St. Michael's Parish - Cobourg

“Death Café”                                                                              -Homily March 15 & 22, 2015

 

I have heard recently that there are people having meetings to talk openly about death. It is called the “Death Café”... There is a need to release the angst that the thought of death and its unavoidability brings to our minds. But at the same time, is it not more harmful to speak about death, to ask the question, when you are not sure about the answer? I want to repeat our answer, the Christian answer, the answer of God to the mystery of life and death.

 

Yes, God so loved the world that he gave his only Son, so that everyone who believes in him may not be lost but may have eternal life. (John 3:16)

 

1) Death for us is not “pain day,” but “pay-day.” We know that we will receive on that day a reward for our works. That puts our life in prospective. It is not only about this world, it is about something else, and what comes after depends on what I do now. In front of me opens up the possibility of eternal joy or eternal punishment. That makes life much more interesting... As Chesterton used to say, if hell does not exist life is a picnic. A picnic, something boring: We go, we eat something, we are back, that’s it. This is not what we believe.

 

We believe that salvation is an encounter face to face with God, a communion of love with the Creator of the world, it is to rejoice in his own joy for ever. The eternal punishment of hell is a reminder that what God wants from me is my love, he wants me to choose him freely, as it happens in true love. God loves me, but a communion of love is not attained unless the other one loves back. We are free to say no. But if we say no, we will never be happy. In the movies everybody goes to heaven. In heaven, everybody knows that the movie could have ended in another way. We write our own movie. Jesus said:

 

No one who believes in [the Son of man] will be condemned;

but whoever refuses to believe is condemned already,

because he has refused to believe in the name of God’s only Son. (John 3:18)

 

2) The mystery of death for us Christians has a totally different prospective because of our faith. We know that there are things we cannot see, but they are true. Why do we say they are true? Because they have been witnessed to us by a man who rose from the dead, by a Church of saints who did and do miracles, and by a Christian Community who has always taken the lead of charity works in the world. We believe to the witness of people who are trustworthy. We do not believe because it makes us feel good, but because it is true. I have spoken about this in other opportunities of the historical character of the resurrection of Jesus, and of the scientific assessment about the miracles in the Church. If we believe in our date of birth because we read our ID, even if we have not seen our birth, I think we have enough reason to believe in Heaven, even if we have not seen it yet. We believe in the Government of Ontario who wrote our ID, why not believe in God, who wrote the Bible...? Why not believe in Jesus?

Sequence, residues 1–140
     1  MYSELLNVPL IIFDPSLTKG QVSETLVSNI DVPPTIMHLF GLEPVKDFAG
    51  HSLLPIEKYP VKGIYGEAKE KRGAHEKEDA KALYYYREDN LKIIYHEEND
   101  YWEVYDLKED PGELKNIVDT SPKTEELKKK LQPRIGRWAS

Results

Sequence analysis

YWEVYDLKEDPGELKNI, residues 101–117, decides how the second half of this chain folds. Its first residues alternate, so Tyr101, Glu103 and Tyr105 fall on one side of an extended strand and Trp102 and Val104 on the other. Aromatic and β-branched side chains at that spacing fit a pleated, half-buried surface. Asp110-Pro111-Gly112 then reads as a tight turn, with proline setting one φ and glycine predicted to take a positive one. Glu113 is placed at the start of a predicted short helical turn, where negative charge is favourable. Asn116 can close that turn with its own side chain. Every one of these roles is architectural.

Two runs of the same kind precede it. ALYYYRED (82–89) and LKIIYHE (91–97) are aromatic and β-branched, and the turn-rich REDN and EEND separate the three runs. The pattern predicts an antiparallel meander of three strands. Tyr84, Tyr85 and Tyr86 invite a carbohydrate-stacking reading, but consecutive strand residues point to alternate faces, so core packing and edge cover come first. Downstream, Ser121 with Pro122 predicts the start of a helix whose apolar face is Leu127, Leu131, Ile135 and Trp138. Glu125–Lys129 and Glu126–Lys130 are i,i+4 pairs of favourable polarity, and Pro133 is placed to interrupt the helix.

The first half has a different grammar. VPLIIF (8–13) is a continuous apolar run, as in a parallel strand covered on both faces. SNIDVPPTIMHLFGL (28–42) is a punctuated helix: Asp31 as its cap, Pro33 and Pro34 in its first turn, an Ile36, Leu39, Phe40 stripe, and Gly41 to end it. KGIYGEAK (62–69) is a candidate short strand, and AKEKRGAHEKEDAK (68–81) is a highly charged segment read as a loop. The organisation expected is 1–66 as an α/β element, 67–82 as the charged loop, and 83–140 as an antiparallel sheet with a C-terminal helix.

3) The last point I want to make is actually the first I wanted to speak about. Our attitude in front of our own death. Do we love God above all things? Yes, we may say. And so, why do we find so hard to go and meet him? Maybe, because we love more the world than God. Why? Perhaps because we do not understand that “Your love is better than life” (Psalm 63:3), as David sang; or that, as St. Paul says: “No eye has ever seen, no ear ever heard, nor has it come to human mind what God has prepared for those who love him” (1Co 2:9). Heaven is so beautiful! But none of us has been there yet. God is Heaven, nothing is better than him! But we have not seen him yet. Jesus has seen God, we have not, but we believe in Him.

 

We say everyday: “Thy kingdom come.” But when God calls us to that kingdom, we are reluctant to go.[1] Because we love life, we love things on earth, and perhaps we do love God because we are grateful for his gifts... but we don’t like Him any more if he doesn’t give us something we want. Like little children! We should try to go from the love of gifts to the love of the giver, to the love of our Father. We should try to understand that the source of these goods must be better than the goods themselves. As the fire itself is much warmer than the heat that arrives to us from a distance, thus God is much better than his gifts. David in ecstasy said: “Your love is better than life.”

 

Death is for us the possibility of rejoicing in that love, if we welcome the word of God and try to practice it. If we freely choose him on earth, if we love him, He loves us now and will love us for ever in Heaven. But he enters only when the door is open. Let us open ourselves to his forgiveness, let us be sorry for our sins. Let us not live as those who have no hope. Death for us is just a passage, and the thought of our destiny must not be a cause of fear, but of living to the full the days that are left to us. To live is to love, it is to pray and to work for my neighbour, it is to love my children, my friends and even my enemies, that is why we are here on earth. And if we live like this, we will rejoice in the love of God for ever in Heaven.

 

May this Lenten season help us to grow in faith, in hope of heaven and in the love of God. May we pray more, do more penance for our sins, and love more our neighbour. May Our Lady intercede for us.   Fr. Andrew



[1] Cf. St. Cyprian, Bishop and Martyr, Treatise On Death, Ch. 18.24.26; CSEL 3,308.312-314)